Remember that in 1996, the National Hockey League launched the Currency Equalization Program to partially shield small-market Canadians teams from the hardship of currency disparity. At that time, the loonie was at around 74-75 cents American. But it’s worth noting that the NHL did not have a salary cap at the time; and asking the Oilers, Flames and Senators to compete with the likes of the free-spending Rangers and Flyers — with a Canadian dollar that was weak — was too big an ask. Remember, the low dollar was a contributing factor in the near-relocations of the Oilers and Flames. The Winnipeg Jets had just moved to Phoenix, and NHL Commissioner Gary Bettman said a major reason that the team had to move was because no new local suitors had appeared to keep the team in Manitoba. And, with the dollar where it was in 1996, and player salaries on an upward trend, it’s hard to argue that coming forward to save the Jets would have been anything but a bad investment. When the Atlanta Thrashers relocated to Winnipeg in 2011, the Canadian dollar was trading above par. That’s massive difference from the economic picture of the mid-1990s.

In 1998, the governors of the Canadian NHL teams appeared before parliament to discuss the challenges of operating in a North American league — and to explain the issues posed by a weak Canadian buck.

According to then-Senators governor Rod Bryden, the formula was a deadly one.

“Like the technology corporations, we must compete for our talent from and with the best in the world. We must compete for the spending of our ticket buyers and our advertisers against mainly U.S.-produced alternatives. Unlike our friends in the technology industries, we pay 80 per cent of our expenses in U.S. dollars and we receive 80 per cent of our revenues in Canadian dollars. That’s the inverse of a typical technology company.”

Unlike the NHL of the 1990s, MLS of 2015 does have a strict salary cap, and players can’t move as freely as they did — and still do — in the NHL. MLS players have said that free agency will be the big hill of the Collective Bargaining Agreement battle — the MLS CBA expires on Jan. 31 — but it’s still unlikely to see MLS come close to the spending of any of the other major American sports leagues. But, the fact is, for every cent the dollar drops, the expenses of the three Canadian MLS teams rise. And it’s not like they can go back to fans and say “whoops, we based our season-ticket prices on an 85-cent dollar, not a 75-cent dollar, so you’ll all need to cough up an extra 10 per cent on those seats.”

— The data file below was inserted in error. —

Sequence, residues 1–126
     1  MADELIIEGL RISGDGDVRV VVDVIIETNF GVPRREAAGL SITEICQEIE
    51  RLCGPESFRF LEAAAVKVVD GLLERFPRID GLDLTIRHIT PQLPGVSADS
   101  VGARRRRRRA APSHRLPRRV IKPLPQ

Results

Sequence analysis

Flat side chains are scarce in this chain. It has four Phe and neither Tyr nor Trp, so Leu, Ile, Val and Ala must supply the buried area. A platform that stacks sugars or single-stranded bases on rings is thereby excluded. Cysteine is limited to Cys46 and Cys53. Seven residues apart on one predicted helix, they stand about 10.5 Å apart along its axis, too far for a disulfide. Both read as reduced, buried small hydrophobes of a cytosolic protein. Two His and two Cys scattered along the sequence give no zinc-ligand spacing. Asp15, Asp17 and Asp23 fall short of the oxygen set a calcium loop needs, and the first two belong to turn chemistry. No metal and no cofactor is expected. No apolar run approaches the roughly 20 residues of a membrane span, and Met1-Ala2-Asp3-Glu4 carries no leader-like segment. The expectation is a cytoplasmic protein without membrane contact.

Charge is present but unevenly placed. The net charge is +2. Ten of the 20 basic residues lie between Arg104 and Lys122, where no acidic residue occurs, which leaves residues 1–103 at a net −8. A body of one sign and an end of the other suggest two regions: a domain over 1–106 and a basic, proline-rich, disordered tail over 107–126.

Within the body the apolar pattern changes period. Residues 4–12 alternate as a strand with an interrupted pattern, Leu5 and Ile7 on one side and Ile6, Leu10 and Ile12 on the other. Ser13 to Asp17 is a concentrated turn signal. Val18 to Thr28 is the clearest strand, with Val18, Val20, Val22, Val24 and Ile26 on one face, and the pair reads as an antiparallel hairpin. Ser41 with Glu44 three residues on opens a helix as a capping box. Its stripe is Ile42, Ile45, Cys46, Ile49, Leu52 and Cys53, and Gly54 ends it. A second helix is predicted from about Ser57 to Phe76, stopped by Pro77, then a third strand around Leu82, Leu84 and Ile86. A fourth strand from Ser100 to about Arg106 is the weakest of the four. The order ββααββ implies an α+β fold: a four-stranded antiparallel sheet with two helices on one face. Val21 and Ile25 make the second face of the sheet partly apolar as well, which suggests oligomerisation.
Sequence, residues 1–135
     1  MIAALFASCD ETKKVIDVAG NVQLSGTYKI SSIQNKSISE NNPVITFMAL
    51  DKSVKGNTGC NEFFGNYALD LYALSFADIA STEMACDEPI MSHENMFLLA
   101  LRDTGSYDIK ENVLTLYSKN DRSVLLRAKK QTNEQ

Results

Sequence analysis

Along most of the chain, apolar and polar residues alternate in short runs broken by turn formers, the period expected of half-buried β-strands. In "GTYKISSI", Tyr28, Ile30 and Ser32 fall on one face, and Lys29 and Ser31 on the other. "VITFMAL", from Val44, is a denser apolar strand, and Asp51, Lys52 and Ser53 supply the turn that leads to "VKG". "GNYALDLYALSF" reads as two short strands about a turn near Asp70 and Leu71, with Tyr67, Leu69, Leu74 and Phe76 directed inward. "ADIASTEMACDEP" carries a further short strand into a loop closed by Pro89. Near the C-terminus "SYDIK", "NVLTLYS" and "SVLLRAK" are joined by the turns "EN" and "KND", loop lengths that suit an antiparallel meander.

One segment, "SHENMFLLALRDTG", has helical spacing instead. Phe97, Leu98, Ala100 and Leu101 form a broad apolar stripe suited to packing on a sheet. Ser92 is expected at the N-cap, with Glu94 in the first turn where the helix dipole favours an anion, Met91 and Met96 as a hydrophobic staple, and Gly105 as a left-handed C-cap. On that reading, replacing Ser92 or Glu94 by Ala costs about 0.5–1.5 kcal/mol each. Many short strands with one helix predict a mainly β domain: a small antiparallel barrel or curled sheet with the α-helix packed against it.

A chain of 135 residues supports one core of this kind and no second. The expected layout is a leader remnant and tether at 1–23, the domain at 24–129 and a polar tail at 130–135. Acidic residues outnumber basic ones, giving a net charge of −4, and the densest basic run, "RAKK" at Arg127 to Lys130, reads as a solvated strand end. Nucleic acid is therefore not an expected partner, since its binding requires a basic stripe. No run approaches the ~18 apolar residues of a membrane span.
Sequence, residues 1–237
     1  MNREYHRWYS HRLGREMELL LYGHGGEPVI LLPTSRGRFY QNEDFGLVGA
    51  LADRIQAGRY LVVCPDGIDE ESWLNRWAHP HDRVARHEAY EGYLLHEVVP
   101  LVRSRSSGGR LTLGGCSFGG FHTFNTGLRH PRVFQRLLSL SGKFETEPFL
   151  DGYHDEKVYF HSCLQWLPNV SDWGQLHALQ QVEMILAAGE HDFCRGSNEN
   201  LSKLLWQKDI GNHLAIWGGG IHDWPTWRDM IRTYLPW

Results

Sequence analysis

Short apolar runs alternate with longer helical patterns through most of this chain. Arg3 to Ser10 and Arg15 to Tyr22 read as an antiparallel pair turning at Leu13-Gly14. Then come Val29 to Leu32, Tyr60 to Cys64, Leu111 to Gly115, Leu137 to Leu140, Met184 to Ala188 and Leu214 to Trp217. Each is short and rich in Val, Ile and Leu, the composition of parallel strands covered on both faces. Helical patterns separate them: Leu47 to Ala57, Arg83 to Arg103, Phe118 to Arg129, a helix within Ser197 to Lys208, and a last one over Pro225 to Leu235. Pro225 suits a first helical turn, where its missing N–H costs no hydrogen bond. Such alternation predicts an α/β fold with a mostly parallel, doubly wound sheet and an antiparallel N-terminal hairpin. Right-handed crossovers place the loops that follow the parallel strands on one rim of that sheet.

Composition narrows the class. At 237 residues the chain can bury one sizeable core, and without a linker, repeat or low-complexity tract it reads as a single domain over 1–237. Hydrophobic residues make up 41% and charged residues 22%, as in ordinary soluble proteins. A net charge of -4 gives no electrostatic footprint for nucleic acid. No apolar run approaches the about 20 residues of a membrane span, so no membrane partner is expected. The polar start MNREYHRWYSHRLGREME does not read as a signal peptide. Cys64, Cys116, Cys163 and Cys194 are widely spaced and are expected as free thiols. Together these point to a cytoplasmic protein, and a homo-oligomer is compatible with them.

As the dollar slides, the American teams gain a competitive advantage over the U.S.Canadian clubs. MLS has long touted the “competitive balance” as being one of the key reasons it has certain rules in place — such as allowing Americans to be treated as domestics on Canadian teams. But the biggest saboteur to competitive balance could be the currency issue.


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  1. Will

    January 27, 2015 at 10:38 pm

    Bad news for Canadian sports. Especially soccer. Mid Michigan is closer to Ottawa or Toronto than anywhere else.

  2. Chris

    January 22, 2015 at 11:41 pm

    I think there’s a typo in the first sentence of the last paragraph?
    “the American teams gain a competitive advantage over the U.S. clubs”
    How do they get an advantage over themselves? LOL.